Last weekend I noticed a few of the roosters with early stages of dry pox on their comb, so treatment began. Unfortunately, two chickens progressed to wet pox but they're doing well in their little isolated ICU recovery area. Oddly enough neither of them had significant dry pox spots like I would have expected. Thankfully, it's not a disease that's spread to other animals or even humans, and thankfully we caught it very early. It's not uncommon for entire flocks to perish if left untreated.
What's frustrating about pox is that because it's carried by mosquitoes, no matter how well cared for a flock is, they're still susceptible to the virus. Unless they're vaccinated, or have had the virus previously (then they're immune).
If you would like more information on pox, here's a great page hosted by Back Yard Chickens. The images shown on their info page are MUCH more advanced stages of the pox than we have here on the farm. Most of our birds have only one or two small spots. I'm so glad we caught it early. I can't imagine seeing all of my chicklins looking like the birds in those photos! *Ack!!*
In better news, one of the young hens laid her first egg yesterday! Right in the middle of the chicken yard, next to the waterer. That egg is now sitting in one of their nest boxes, as a "decoy" egg. It'll help the chickens figure out where they're SUPPOSED to lay their eggs! That's the idea, anyway. We'll see if it works...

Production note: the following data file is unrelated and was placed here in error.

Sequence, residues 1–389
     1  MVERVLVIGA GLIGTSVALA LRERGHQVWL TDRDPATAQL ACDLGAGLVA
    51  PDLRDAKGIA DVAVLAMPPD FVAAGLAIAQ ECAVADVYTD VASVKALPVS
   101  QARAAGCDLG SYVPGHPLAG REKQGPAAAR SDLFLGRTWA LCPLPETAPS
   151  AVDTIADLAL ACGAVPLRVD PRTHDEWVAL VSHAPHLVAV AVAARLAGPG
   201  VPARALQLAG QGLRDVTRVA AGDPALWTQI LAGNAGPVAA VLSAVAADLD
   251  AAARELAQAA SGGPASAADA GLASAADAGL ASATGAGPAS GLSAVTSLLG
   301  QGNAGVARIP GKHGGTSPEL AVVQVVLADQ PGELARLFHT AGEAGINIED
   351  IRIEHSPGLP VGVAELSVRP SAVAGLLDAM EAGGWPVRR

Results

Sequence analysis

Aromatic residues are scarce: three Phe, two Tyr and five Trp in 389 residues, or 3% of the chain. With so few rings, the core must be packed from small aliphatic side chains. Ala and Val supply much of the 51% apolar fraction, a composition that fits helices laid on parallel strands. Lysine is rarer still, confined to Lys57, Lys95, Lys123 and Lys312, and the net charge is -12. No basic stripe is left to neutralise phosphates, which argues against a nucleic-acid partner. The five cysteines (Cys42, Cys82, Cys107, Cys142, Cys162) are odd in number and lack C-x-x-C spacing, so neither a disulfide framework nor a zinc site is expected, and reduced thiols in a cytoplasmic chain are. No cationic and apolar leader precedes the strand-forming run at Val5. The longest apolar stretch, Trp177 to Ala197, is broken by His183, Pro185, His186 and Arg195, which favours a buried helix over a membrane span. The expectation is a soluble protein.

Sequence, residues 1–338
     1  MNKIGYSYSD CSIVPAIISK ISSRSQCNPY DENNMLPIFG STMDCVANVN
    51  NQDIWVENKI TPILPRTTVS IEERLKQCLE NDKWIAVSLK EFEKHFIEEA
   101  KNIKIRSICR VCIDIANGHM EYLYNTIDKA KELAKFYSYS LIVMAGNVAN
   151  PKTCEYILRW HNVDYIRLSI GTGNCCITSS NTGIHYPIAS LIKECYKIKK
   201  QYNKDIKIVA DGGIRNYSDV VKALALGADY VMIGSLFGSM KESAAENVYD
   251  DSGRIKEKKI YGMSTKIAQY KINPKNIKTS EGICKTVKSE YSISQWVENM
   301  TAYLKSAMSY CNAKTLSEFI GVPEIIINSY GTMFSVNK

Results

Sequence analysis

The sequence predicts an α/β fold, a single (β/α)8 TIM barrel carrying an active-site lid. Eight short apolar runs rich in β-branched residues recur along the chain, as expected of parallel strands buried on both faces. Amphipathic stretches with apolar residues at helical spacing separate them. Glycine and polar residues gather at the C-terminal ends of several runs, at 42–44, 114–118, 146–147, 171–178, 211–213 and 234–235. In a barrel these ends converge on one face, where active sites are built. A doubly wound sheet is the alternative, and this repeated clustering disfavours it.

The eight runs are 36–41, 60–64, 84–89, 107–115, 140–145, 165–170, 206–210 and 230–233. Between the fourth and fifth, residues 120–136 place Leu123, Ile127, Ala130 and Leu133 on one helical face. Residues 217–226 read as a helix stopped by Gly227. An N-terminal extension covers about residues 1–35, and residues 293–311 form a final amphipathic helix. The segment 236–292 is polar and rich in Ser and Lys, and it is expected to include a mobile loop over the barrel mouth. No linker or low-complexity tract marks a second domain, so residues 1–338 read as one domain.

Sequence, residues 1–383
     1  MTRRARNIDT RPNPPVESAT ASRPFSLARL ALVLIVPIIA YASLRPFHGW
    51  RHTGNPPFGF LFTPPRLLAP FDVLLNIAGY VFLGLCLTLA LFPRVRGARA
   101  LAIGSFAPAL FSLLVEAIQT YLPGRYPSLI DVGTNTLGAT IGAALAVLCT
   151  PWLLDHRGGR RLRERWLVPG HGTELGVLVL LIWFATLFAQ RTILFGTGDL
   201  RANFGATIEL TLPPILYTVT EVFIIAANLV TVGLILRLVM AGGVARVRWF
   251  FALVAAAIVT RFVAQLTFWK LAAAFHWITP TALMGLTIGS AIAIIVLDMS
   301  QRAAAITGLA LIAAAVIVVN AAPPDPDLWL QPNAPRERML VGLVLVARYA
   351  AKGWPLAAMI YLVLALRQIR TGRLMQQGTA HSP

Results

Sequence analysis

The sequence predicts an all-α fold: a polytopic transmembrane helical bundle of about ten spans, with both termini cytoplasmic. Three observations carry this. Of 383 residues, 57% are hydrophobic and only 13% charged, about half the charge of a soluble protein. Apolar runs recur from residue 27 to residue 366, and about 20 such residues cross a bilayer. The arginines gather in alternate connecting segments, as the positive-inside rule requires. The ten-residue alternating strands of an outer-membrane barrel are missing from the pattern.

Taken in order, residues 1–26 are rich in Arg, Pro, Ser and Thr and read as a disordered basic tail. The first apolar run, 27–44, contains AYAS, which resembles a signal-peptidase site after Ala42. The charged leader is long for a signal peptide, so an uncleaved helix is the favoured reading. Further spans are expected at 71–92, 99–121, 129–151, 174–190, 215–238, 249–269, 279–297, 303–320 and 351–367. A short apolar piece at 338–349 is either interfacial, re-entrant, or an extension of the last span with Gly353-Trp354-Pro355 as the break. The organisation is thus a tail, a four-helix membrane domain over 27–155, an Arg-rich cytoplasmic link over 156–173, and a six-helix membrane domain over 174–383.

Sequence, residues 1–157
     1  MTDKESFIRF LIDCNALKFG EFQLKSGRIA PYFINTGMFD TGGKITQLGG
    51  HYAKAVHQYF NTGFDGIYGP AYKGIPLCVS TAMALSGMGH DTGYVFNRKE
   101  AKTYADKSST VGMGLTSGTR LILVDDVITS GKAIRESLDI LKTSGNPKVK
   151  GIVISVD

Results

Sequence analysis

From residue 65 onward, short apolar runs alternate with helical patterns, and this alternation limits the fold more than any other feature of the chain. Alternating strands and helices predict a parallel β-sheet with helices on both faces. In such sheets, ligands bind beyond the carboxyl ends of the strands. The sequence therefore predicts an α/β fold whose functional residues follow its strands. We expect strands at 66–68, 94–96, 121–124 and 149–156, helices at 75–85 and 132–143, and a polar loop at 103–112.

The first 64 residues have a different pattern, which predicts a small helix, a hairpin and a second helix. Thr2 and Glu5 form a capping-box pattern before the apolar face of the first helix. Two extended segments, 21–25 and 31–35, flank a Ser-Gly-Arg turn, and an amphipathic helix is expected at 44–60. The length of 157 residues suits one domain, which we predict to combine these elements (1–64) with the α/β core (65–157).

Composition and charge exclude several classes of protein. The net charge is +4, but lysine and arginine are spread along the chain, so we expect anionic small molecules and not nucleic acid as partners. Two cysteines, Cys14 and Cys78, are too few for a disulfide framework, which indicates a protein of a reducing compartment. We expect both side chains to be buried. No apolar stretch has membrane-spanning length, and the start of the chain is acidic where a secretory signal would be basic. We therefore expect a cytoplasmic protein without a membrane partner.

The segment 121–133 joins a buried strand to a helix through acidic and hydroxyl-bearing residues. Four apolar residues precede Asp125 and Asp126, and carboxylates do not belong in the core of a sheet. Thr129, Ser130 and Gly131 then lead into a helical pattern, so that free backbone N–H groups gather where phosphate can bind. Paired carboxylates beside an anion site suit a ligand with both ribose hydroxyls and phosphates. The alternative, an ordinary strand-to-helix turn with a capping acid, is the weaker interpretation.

The egg is off white in color, so it wasn't one of the Cochin, Wellsummer, Buff Orpington, or Cuckoo Marans hens. They will all lay brown eggs, in various shades of brown. So, it was either a Silke, Frizzle, or Polish. My guess is that it was one of the Polish girls -- the ones with the crazy feather headdresses. They are 26 weeks old this week, so it's just about time for laying to kick in! Fun, FUN!!
I made this card using images from my Crazy for Chickens set, from Whipper Snapper. The paper is from Memory Box, and one of their great new paper series.
Hope you have a wonderful weekend!